To address the labour shortfall, Tea Board has established a major field mechanization subsidy program that also includes small producers in the Board’s schemes to enhance specialty tea output.
Tea Board’s Executive Director M Balaji, ‘Tea Board pays around ₹ 18-20 crore to various stakeholders in South India every year. Tea farms in South India are currently experiencing a serious labour shortage, particularly for collecting high-quality green leaves and other cultural activities. South Indian tea estates are confronting a high cost of production as wages have risen in recent years.’
Further, he added that, ‘the labour scarcity has resulted in longer plucking rounds, which has harmed the quality of tea manufacturing.’
Mechanizing field operations is one solution to the labour shortfall, but small producers must be taken into account.
‘The tea small growers are the most important stakeholders. Many small producers produce specialty teas, which are well-liked by consumers. They are, however, experiencing some difficulties in marketing their items. In places like the Nilgiris, small producers account for roughly half of overall tea production.’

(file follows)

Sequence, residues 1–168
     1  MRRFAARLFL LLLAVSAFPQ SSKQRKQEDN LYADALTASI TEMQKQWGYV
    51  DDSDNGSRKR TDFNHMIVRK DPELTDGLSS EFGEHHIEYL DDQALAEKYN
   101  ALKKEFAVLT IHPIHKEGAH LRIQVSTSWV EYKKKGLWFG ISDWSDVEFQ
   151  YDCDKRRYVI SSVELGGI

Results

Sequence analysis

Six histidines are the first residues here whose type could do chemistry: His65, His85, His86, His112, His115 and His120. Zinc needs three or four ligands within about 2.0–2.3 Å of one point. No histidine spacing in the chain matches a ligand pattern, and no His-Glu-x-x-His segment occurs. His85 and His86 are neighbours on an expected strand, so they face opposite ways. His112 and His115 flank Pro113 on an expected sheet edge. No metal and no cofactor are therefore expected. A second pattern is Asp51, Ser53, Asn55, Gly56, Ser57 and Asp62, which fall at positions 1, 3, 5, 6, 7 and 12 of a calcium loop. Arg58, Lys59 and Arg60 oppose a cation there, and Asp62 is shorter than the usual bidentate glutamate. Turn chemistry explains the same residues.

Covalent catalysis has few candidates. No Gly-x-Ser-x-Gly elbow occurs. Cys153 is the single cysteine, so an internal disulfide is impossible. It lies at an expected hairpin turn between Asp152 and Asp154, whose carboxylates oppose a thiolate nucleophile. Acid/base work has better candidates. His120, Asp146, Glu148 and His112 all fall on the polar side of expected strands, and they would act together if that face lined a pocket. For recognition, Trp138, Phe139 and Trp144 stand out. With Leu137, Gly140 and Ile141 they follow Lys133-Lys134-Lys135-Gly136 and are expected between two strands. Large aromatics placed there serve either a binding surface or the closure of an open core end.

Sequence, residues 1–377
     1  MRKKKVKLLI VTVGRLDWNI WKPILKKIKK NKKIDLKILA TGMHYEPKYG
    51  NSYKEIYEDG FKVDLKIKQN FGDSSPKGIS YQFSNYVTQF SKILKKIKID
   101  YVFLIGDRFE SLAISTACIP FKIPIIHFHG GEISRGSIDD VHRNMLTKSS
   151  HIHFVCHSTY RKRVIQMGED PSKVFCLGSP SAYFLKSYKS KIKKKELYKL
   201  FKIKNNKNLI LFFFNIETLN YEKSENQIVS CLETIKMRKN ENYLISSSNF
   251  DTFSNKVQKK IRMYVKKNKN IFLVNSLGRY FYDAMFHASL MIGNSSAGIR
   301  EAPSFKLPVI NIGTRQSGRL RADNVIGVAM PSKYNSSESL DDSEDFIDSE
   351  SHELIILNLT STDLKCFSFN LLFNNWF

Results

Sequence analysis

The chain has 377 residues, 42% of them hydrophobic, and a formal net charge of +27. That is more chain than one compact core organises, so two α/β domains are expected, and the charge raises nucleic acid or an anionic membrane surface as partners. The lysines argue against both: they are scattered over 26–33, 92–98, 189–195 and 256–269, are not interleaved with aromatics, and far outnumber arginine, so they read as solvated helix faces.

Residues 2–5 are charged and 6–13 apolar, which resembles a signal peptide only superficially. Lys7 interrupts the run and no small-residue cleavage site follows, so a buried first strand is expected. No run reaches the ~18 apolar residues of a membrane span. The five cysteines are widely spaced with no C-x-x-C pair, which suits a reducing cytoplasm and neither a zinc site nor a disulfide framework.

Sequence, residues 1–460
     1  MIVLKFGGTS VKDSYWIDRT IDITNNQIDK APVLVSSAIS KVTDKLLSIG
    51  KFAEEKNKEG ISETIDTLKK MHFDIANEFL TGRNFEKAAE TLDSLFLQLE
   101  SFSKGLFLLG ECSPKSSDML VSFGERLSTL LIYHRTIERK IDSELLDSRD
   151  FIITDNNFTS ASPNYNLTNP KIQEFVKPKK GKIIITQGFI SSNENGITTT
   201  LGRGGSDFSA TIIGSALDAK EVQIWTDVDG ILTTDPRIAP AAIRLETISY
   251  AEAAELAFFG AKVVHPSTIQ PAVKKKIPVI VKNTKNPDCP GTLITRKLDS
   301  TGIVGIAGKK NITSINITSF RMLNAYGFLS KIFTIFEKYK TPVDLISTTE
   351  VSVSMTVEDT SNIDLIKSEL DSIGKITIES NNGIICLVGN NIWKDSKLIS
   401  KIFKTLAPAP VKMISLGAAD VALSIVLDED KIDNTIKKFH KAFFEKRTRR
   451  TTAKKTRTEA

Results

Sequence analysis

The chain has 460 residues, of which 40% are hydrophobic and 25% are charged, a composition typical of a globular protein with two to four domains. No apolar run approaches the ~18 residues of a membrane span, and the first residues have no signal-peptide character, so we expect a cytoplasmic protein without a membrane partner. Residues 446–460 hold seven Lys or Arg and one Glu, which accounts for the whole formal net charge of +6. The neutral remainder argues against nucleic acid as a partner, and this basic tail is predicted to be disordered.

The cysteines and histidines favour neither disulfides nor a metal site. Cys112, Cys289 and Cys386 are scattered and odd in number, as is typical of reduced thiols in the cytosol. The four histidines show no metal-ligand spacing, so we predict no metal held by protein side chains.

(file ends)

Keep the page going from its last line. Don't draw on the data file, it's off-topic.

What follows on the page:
‘Tea Board has established a special package for the provision of financial assistance to small tea growers in order to bring more small growers into the Tea Board’s programs to increase specialty tea production and marketing. To begin, a pilot project has been launched in the Nilgiris district as part of the Tamil Nadu government’s Special Area Development Programme.’ Balaji reveals.
He stated that the Tamil Nadu government has approved a total of ₹ 1.21 crore for four schemes: Special Assistance for Pruning Machines and Mechanical Harvesters (Battery Operated); Special Scheme for Setting Up Organic Tea and Other Specialty Tea Boutiques; Special Scheme for Tea Promotion Start-Ups for Unemployed Small Tea Grower Youth; and Setting Up of Mini Tea Factory by Self-Help Groups.
In the first phase, 275 people were given ₹ 30 lakh to buy 200 battery-operated harvesters and 75 trimming equipment.
Similarly, a subsidy of ₹ 40 lakh has been granted to four beneficiaries for the establishment of organic tea and specialty tea boutiques, a subsidy of ₹ 20 lakh has been granted to two unemployed youth from small grower families for the establishment of start-ups, and a subsidy of ₹ 20 lakh has been granted to two self-help groups for the establishment of a mini tea factory.
‘In due course, these new ventures will be expanded to other regions,’ Balaji stated.